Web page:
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Document Max. Freq Min. Freq
Herodotus, The Histories (ed. A. D. Godley) 554 0 Browse Search
World English Bible (ed. Rainbow Missions, Inc., Rainbow Missions, Inc.; revision of the American Standard Version of 1901) 226 0 Browse Search
Flavius Josephus, Against Apion (ed. William Whiston, A.M.) 154 0 Browse Search
World English Bible (ed. Rainbow Missions, Inc., Rainbow Missions, Inc.; revision of the American Standard Version of 1901) 150 0 Browse Search
Flavius Josephus, Antiquities of the Jews (ed. William Whiston, A.M.) 138 0 Browse Search
Pausanias, Description of Greece 92 0 Browse Search
M. Annaeus Lucanus, Pharsalia (ed. Sir Edward Ridley) 54 0 Browse Search
Demosthenes, Speeches 51-61 50 0 Browse Search
Richard Hakluyt, The Principal Navigations, Voyages, Traffiques, and Discoveries of the English Nation 46 0 Browse Search
Apollodorus, Library and Epitome (ed. Sir James George Frazer) 42 0 Browse Search
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Browsing named entities in M. Tullius Cicero, Orations, for Quintius, Sextus Roscius, Quintus Roscius, against Quintus Caecilius, and against Verres (ed. C. D. Yonge). You can also browse the collection for Egypt (Egypt) or search for Egypt (Egypt) in all documents.

Your search returned 2 results in 2 document sections:

M. Tullius Cicero, Against Verres (ed. C. D. Yonge), section 172 (search)
You reject the Sicilian corn; why? because you are sending some yourself. Have you any Sicily of your own, which can supply you corn of another sort? When the senate decrees that corn he bought in Sicily, or when the people order this, this, as I imagine, is what they mean, that Sicilian corn is to be brought from Sicily. When you reject all the corn of Sicily, do you send corn to Rome from Egypt or from Syria? You reject the corn of Halesa, of Cephalaedis, of Thermae, of Amestras, of Tyndaris, of Herbita, and of many other cities. What has happened then to cause the lands of these people to bear corn of such a sort while you were praetor, as they never bore before, so that it can neither be approved of by you, nor by the Roman people; especially when the managers of the different companies had taken corn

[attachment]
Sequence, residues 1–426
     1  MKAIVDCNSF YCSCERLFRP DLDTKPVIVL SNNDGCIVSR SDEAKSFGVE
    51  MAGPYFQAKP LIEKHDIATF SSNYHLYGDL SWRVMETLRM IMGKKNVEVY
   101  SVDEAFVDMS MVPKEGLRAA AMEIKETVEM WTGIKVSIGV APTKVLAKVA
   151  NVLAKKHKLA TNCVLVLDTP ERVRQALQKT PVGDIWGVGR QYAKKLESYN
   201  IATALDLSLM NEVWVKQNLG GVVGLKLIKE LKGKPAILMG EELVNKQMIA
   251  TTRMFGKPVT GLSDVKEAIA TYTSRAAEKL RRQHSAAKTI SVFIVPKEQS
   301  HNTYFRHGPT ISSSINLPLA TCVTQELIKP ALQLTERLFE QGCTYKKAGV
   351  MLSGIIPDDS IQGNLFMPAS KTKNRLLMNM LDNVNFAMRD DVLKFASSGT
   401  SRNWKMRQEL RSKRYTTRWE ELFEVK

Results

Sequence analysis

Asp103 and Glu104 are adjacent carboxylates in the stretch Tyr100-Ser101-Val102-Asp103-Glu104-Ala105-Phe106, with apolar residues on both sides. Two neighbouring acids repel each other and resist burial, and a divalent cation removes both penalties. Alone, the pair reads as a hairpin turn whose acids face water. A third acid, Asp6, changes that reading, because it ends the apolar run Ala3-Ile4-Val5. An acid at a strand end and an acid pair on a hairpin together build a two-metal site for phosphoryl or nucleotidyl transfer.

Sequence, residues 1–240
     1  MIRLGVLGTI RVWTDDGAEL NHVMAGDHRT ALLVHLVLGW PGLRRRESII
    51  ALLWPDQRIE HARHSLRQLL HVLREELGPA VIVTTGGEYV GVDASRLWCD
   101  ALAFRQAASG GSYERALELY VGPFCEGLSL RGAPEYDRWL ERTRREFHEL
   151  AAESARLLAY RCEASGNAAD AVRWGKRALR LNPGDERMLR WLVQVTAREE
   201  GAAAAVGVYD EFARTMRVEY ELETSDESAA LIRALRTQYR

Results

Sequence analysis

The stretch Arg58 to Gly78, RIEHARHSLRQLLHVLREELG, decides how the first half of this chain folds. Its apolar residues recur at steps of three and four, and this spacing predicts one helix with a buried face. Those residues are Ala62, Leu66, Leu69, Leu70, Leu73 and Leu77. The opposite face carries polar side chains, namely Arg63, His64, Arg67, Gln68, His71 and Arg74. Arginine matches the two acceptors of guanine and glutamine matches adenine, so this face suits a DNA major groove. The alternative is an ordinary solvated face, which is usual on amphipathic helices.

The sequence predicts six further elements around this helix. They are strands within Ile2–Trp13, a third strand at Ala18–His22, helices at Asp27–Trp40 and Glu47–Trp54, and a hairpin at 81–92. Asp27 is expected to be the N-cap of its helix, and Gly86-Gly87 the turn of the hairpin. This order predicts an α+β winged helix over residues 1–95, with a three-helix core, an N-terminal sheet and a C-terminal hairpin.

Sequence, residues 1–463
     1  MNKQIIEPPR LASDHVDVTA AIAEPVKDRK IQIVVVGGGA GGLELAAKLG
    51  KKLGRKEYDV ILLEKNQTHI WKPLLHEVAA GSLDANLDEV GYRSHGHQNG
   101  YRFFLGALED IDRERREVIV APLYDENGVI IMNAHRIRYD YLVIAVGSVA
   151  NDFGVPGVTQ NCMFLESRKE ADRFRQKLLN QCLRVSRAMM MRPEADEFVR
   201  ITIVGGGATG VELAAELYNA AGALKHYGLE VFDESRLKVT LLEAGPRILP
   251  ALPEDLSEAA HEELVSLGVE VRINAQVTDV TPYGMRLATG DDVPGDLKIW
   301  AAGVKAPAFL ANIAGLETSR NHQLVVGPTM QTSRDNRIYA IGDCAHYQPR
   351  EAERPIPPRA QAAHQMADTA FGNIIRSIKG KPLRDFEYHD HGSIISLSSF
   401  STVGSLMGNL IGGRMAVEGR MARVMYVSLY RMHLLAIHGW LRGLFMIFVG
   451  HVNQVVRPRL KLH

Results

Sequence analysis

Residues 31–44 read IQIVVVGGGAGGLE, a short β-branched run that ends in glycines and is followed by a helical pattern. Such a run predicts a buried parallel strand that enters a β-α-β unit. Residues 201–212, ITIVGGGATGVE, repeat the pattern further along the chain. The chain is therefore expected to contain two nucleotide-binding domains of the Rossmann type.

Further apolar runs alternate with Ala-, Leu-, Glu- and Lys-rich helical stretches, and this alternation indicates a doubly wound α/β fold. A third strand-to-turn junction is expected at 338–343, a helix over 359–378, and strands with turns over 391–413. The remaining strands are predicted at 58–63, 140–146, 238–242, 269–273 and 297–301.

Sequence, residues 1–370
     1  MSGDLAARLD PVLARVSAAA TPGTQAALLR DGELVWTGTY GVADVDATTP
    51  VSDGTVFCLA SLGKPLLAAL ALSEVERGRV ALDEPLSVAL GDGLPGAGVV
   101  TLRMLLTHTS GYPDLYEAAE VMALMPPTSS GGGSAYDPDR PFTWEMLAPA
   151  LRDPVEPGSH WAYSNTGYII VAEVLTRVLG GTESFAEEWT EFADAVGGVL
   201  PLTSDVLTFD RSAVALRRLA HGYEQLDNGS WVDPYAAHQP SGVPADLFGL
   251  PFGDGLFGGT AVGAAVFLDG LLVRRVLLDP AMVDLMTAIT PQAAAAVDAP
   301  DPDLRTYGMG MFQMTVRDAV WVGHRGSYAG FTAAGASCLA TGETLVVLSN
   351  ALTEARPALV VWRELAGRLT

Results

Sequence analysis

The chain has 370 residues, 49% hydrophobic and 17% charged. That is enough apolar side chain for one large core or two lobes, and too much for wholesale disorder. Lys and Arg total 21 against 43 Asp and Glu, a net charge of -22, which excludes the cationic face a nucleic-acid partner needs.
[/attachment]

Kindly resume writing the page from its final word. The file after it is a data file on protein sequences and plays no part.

M. Tullius Cicero, Against Verres (ed. C. D. Yonge), section 61 (search)
For you know that the kings of Syria, the boyish sons of King Antiochus, have lately been at Rome. And they came not on account of the kingdom of Syria; for that they had obtained possession of without dispute, as they had received it from their father and their ancestors; but they thought that the kingdom of Egypt belonged to them and to Selene their mother. When they, being hindered by the critical state of the republic at that time, were not able to obtain the discussion of the subject as they wished before the senate, they departed for Syria, their paternal kingdom. One of them—the one whose name is Antiochus—wished to make his journey through Sicily. And so, while Verres was praetor, he came to Syracu